The Early Part of a Backgammon Game

Strategy for Backgammon: Improving Your Early Game Play

Replying to the opening move



The great Mickey Rooney – loved backgammon and loved replying to opening moves (just ask his eight wives!)I’m not going to suggest you try to memorise all the possible reply moves on top of all the opening moves as part of developing your strategy for backgammon (Chris Bray estimates that a top player will know around 600 variations on the first two moves). It’s more important to understand why you would want to make a particular move.

As with the opening move, it’s important to focus on moving your backmarkers, unstacking your checkers, starting to make important points (your 4-point, 5-point and bar-point, and those of your opponent) and planning primes. And, of course, in your reply to the opening move you may be the first player to get a chance to hit, if your opponent has left any blots after his opening move.

Bill Robertie in Backgammon for Winners explains how from the start it’s important to make dynamic rather than passive moves – which he explains let you ‘set the pace and determine the course the game will take.’ In other words, if you don’t take charge of the direction of the game your opponent probably will.

You should continue to prioritize these strategies beyond the opening two moves and as the game continues and we will discuss them in more detail when we come to talk about game plans. For now, good questions to ask yourself every turn in the early stages of the game (and indeed beyond) are: Can I hit? Can I make a point? And Can I play strategically? In that order.

1 + 1

This is a peach of a throw to get in reply to an opening move. Usually you can make a great 3-point-prime by making your 5-point and your bar-point, as shown in the example below.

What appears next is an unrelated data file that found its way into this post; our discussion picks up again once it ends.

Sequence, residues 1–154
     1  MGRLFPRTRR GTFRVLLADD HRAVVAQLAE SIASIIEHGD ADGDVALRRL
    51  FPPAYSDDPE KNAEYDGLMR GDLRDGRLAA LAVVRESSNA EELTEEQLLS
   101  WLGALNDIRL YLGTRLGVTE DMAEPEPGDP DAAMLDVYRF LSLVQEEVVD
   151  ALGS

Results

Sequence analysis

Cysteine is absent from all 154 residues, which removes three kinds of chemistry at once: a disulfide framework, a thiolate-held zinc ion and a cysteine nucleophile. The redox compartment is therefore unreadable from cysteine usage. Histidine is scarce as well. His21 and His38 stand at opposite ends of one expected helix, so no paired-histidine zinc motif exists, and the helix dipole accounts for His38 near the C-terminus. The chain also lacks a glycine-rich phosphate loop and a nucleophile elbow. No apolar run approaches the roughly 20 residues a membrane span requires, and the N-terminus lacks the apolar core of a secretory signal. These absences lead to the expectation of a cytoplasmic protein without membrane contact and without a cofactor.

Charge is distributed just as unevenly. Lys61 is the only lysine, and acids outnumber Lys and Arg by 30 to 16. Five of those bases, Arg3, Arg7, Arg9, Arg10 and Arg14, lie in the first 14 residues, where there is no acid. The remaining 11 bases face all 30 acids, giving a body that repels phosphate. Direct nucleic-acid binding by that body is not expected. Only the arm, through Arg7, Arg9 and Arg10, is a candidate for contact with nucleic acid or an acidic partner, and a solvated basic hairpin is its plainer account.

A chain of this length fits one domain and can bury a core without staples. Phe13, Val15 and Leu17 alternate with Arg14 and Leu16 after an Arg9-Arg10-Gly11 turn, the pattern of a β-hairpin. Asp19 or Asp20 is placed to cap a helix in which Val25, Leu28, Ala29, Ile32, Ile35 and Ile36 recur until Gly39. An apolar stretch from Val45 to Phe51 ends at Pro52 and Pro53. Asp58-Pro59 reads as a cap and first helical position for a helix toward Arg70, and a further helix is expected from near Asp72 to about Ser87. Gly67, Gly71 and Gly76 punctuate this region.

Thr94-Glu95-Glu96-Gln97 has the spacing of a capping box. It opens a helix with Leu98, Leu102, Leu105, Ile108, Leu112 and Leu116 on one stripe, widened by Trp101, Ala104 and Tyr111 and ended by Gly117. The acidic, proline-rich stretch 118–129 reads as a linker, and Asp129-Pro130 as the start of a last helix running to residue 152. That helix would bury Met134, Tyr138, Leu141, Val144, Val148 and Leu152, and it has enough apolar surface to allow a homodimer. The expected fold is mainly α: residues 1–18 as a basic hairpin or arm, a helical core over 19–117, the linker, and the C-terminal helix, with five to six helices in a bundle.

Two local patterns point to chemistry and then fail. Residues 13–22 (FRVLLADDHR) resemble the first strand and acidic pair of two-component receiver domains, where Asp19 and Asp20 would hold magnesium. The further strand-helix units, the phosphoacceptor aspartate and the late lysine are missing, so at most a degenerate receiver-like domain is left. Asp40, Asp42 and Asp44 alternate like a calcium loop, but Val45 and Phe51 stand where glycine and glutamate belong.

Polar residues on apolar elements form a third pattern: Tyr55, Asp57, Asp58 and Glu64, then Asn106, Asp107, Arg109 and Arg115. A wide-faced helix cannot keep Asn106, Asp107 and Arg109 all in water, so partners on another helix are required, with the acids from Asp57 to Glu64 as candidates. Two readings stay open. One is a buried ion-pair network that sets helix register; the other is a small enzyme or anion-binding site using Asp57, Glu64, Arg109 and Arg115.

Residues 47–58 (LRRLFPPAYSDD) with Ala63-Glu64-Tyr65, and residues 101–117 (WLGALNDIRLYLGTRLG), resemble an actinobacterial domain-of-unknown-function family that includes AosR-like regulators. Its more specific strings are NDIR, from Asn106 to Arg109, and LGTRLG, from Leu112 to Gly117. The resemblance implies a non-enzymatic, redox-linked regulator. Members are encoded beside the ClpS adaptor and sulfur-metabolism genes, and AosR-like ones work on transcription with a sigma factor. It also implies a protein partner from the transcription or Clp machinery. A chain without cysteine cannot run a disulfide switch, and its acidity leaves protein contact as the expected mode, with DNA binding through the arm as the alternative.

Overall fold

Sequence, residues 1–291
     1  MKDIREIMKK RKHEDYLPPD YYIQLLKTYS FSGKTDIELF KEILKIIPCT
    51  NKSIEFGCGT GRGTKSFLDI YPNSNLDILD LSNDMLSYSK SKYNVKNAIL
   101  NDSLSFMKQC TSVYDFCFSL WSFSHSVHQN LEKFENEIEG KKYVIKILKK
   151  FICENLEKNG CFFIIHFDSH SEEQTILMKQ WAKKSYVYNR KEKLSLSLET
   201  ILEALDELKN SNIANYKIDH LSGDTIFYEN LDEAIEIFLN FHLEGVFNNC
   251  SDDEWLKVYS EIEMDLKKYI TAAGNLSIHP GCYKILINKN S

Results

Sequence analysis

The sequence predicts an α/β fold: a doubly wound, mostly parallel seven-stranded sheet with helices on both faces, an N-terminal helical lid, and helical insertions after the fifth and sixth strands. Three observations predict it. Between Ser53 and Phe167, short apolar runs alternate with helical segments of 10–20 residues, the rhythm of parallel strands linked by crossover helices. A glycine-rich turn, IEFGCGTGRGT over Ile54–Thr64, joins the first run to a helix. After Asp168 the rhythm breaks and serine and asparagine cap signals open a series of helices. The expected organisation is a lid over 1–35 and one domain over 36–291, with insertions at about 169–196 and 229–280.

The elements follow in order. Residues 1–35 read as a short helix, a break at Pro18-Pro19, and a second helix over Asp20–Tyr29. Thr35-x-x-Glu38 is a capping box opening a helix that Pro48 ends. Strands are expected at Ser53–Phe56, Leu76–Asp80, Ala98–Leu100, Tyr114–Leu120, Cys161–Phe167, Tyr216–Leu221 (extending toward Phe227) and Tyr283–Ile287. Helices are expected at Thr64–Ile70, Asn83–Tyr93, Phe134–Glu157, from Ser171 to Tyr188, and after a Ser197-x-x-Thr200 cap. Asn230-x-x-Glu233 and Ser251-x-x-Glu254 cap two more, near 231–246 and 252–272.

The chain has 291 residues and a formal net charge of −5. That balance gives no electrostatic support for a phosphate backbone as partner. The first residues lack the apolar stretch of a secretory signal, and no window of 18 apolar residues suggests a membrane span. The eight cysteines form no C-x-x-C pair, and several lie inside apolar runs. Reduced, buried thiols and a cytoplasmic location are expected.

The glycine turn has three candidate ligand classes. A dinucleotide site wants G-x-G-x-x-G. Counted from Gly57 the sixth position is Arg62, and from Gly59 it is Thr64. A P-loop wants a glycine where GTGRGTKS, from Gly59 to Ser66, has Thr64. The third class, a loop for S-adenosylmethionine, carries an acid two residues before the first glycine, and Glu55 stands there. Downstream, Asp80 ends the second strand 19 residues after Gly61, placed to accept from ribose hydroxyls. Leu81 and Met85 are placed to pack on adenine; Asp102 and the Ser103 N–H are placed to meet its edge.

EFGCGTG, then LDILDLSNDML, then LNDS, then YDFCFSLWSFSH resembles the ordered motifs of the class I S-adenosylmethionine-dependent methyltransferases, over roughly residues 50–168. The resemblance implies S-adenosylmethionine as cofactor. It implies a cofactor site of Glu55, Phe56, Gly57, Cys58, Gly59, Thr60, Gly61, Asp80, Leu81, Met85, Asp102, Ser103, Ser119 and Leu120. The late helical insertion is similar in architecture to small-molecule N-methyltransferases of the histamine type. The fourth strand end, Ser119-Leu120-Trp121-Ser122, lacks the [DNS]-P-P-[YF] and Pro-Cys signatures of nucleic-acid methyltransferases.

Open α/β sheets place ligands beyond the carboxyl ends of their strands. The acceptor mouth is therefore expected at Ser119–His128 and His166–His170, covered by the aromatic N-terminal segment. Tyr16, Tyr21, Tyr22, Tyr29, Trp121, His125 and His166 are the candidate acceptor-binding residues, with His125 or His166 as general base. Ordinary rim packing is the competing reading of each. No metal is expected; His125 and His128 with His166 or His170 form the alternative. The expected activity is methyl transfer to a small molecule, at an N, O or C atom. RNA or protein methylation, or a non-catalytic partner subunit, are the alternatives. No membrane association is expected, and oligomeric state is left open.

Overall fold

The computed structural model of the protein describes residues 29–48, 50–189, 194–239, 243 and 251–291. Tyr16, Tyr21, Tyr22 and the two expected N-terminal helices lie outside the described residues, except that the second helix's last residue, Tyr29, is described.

With a 1+1, build a 3-point-prime.



With a 1+1, if your opponent has split his markers, make your 5-point and split your backmarkers

The only time you should think twice about this move is if your opponent has split his backmarkers in his opening move. This would make him more likely to hit the blot you’ve left on your 8-point. In this scenario, still make your 5-point with two of your 1-moves but with the other two 1-moves split up your backmarkers (as shown below). It’s still a good move because you’ve made your golden’ 5-point and have split your backmarkers; you’ve achieved two key objectives with one throw and protected yourself against getting hit on your 8-point.

2 + 2

This is another good throw. Always make your 4-point and (nearly always) move two of your midmarkers (as shown below).


With a 2+2, make your 4-point and move two midmarkers.

If your opponent has already made his 4-point or 5-point, however, your strategy for backgammon should be to move your backmarkers along instead of moving your midmarkers, as you need to avoid getting boxed in. So still make your 4-point, but move your backmarkers along two spaces.


With a 2+2, if your opponent has made his 4-point or 5-point, you should still make your 4-point but then move your backmarkers along two spaces instead of your midmarkers.

3 + 3

A 3+3 is another lovely roll. Here’s a great chance to make a second and third inner-board-point very early on.


A 3+3 is a great opportunity to make your 5-point and 3-point.